Issue Deep Dive: Germany/Education

Last updated: January 2, 2023

ODA Spending

ODA In Context

Germany was the largest DAC donor to education in 2020.

Compared to other DAC donors, Germany contributes a large share of its total ODA to education, representing 11% of total ODA in 2020 (relative to the DAC average of 10%). This places Germany seventh among DAC donors in relative terms.

Germany’s total ODA for education has increased steadily by 41% between 2016 and 2020. In 2020, 90% of Germany’s total ODA to education was reported as bilateral ODA (including earmarked funding through multilaterals), which is above the DAC average of 70%.

To get a full picture of a donor’s cross-border flows of education assistance, it is important to exclude scholarships and other costs of students from partner countries studying in donor countries. Parts of these costs are reported as ODA by most donors but are not spent on development programs abroad.

In 2020, these costs amounted to US$1.8 billion, or 51% of Germany’s overall education ODA. Excluding these costs, Germany remains the largest donor country to education in 2020 (in absolute terms). However, Germany ranks much lower in relative terms (19th, at 5% of total ODA) if in-country student costs are excluded. CSOs have criticized the high amount of student costs reported as ODA, arguing ODA-accountable costs are not linked to the development cooperation strategies set by the BMZ.

ODA Breakdown

Bilateral Spending

Higher education and vocational training received the largest share of Germany’s bilateral ODA for education in 2020 (60% and 12%). One of the BMZ’s four ‘Special Initiatives’ focuses on promoting vocational training and the creation of jobs, especially in African countries, where the BMZ sees a rising demand for apprenticeships and jobs.

Multilateral Spending and Commitments

Germany only channeled 10% of its education ODA through multilateral organizations in 2020, which is below the DAC average of 30%. The highest shares of this to EU institutions. However, Germany has contributed significant shares to GPE and ECW in recent years, although OECD classifies these contributions as bilateral ODA.

Germany is a founding member of GPE and has contributed US$349 million to the GPE Fund since 2005 (as of December 2022). In May 2022, the BMZ launched a new initiative, 'SHE – Support Her Education', which supports the GPE’s new GEA financing mechanism. GEA provides resources to support opportunities for girls to attend school and learn in countries where girls’ education has been a major challenge.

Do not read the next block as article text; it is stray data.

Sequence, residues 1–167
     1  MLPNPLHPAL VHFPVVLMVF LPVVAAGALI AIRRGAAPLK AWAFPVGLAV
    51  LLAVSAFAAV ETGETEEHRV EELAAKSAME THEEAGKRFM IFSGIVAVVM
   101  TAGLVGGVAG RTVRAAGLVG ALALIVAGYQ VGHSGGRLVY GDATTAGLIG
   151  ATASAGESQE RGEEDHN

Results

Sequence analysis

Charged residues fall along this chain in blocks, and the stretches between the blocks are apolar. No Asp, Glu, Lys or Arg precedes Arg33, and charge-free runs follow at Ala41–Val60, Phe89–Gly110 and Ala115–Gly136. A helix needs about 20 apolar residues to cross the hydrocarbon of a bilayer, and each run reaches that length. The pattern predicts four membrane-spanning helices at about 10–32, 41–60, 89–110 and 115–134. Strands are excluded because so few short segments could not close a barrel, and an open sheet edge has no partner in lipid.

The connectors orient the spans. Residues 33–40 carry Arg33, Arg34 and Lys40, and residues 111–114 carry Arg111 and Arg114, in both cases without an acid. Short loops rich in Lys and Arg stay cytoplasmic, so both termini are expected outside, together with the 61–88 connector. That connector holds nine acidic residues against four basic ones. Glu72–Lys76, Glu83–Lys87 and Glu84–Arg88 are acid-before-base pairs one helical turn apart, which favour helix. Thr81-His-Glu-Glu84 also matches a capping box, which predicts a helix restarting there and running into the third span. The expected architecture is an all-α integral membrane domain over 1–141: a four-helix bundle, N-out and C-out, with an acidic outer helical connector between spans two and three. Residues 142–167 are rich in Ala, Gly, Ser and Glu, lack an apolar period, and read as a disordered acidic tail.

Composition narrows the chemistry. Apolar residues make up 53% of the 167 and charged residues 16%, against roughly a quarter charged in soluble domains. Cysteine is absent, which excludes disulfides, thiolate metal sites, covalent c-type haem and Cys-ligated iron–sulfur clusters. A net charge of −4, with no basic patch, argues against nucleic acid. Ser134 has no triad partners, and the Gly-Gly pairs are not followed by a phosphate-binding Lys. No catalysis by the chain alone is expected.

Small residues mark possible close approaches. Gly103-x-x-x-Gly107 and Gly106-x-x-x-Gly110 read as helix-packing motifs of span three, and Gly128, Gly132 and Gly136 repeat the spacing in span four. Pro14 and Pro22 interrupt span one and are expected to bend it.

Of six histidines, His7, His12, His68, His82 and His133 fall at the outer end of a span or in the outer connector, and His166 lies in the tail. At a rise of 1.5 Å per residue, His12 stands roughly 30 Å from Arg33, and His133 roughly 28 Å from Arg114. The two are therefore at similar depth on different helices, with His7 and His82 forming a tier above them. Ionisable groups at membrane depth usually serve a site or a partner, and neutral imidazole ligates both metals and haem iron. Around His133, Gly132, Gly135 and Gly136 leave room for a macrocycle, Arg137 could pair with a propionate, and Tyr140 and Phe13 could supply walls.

Germany is part of ECW’s High-Level Steering Group. As of December 2022, Germany has contributed US$376 million to EWC and is the organization’s largest donor.

The table below summarizes Germany’s more recent commitments to multilaterals working on agricultural development. Some of these commitments are considered core funding to multilaterals while others will be earmarked (bilateral) funding from Germany.

Funding and Policy Outlook

Germany’s focus is on vocational education in African countries: Vocational education is a priority for Germany. The government stresses the added value of Germany’s support in this area given its long-standing expertise and the success of the German dual vocational training system, in which training is partly school-based and partly company-based. Further, vocational education has received increased political attention and funding in recent years as part of Germany’s initiatives to tackle drivers of migration, particularly in countries in the SSA and MENA regions. The government focuses on strengthening vocational training systems as part of a wider effort to foster labor markets and job creation in these regions. Promoting basic education, dual training, and further education are priorities of Germany’s development cooperation in the 2021-2025 coalition treaty (with a stronger focus on access to digital technologies).

Basic education promoted multilaterally: Besides vocational training, the BMZ also focuses on access to education, gender equality in education, and basic education. According to the BMZ’s ‘BMZ 2030 Reform’, all of the BMZ’s activities in basic education will be channeled multilaterally going forward. Key multilateral partners for the BMZ in advancing gender equality in education are ECW and GPE.

Key bodies

Kristin Laub

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